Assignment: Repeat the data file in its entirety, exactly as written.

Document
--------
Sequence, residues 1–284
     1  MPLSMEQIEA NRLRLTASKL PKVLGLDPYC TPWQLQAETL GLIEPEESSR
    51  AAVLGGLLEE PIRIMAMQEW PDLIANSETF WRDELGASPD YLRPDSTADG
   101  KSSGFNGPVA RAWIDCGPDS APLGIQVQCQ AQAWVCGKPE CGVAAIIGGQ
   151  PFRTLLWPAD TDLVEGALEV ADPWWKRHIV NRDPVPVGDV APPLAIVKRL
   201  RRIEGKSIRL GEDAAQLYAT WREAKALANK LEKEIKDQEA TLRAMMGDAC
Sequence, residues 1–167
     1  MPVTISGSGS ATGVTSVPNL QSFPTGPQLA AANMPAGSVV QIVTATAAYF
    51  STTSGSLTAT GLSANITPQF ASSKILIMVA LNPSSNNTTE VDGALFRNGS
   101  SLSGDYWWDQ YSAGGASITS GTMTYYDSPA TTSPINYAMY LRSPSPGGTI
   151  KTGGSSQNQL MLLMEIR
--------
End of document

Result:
Sequence, residues 1–284
     1  MPLSMEQIEA NRLRLTASKL PKVLGLDPYC TPWQLQAETL GLIEPEESSR
    51  AAVLGGLLEE PIRIMAMQEW PDLIANSETF WRDELGASPD YLRPDSTADG
   101  KSSGFNGPVA RAWIDCGPDS APLGIQVQCQ AQAWVCGKPE CGVAAIIGGQ
   151  PFRTLLWPAD TDLVEGALEV ADPWWKRHIV NRDPVPVGDV APPLAIVKRL
   201  RRIEGKSIRL GEDAAQLYAT WREAKALANK LEKEIKDQEA TLRAMMGDAC
Sequence, residues 1–167
     1  MPVTISGSGS ATGVTSVPNL QSFPTGPQLA AANMPAGSVV QIVTATAAYF
    51  STTSGSLTAT GLSANITPQF ASSKILIMVA LNPSSNNTTE VDGALFRNGS
   101  SLSGDYWWDQ YSAGGASITS GTMTYYDSPA TTSPINYAMY LRSPSPGGTI
   151  KTGGSSQNQL MLLMEIR